This does not mean that "linear TV" can't be bought and sold in much better ways than the primitive system now in force allows, nor does it mean that SVOD ---which only accounts for 10-15% of all viewing and only a tiny bit of ad-supported viewing won't eventually become an important but high CPM, better targeting option for some or even meny advertisers. The influx of TV/movie studio SVODs may unlock that door and force Netflix to offer an ad-supported option to subscribers---but that remains to be seen---in my humble opinion.

  3. Jack Wakshlag from Media Strategy, Research & Analytics replied, October 10, 2019 at 8:31 p.m.

    Howard.  The Law of Supply and Demand still holds. Supply will be down under your scenario. Pricing (cpm) for traditional TV remains lower than equivalent on OTT or digital. Less supply of traditional means higher pricing unless demand goes after even higher priced and very scarce digital video inventory.  seems less likely to me. Plus we now have companies with very deep pockets looking to reach TV watchers.  I think Dave is right, as usual. I would not bet against him.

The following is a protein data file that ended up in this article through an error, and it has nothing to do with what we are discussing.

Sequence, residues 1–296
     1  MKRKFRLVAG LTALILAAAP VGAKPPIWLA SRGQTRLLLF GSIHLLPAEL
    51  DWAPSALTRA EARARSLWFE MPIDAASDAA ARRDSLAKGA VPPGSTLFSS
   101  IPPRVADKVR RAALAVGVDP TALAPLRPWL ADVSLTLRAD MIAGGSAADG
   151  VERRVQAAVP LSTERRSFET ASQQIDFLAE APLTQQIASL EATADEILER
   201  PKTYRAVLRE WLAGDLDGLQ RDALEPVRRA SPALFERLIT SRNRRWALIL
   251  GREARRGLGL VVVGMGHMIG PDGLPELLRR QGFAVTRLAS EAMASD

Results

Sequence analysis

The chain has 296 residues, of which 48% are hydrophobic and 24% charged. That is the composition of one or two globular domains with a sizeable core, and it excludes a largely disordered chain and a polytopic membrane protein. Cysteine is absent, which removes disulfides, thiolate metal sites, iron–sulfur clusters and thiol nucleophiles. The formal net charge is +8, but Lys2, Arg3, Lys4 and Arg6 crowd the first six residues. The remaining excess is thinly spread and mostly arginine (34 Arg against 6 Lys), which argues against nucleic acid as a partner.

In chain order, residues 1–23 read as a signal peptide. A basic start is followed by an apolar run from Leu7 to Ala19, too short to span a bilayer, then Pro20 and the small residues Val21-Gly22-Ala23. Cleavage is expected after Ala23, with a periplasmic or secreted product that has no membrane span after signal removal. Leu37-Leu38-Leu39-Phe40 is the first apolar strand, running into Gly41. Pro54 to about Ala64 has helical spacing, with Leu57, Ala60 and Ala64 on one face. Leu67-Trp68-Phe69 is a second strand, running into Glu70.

4. Dave Morgan from Simulmedia, October 11, 2019 at 5:38 a.m.

    Howard, very good point, but I'm with Ed and Jack on this. Yes, linear TV will be impacted, but it's scale is still so massive that it's "must buy" status will still hold, thus classic supply and demand forces will cointue to apply.

  5. Howard Shimmel from Janus Strategy and Insights, LLC replied, October 12, 2019 at 10:46 a.m.

    Understand everyone's points. But the other thing we need to consider is that the supply of network/cable GRPs and network/cable's ability to deliver reach exists in a rapidly shrinking universe. Today, 35% of adults are either CTV only (have no access to OTA or cable) or CTV dominant (have access but watch very little broadcast/cable). Based on everything we know, that number should grow materially every year.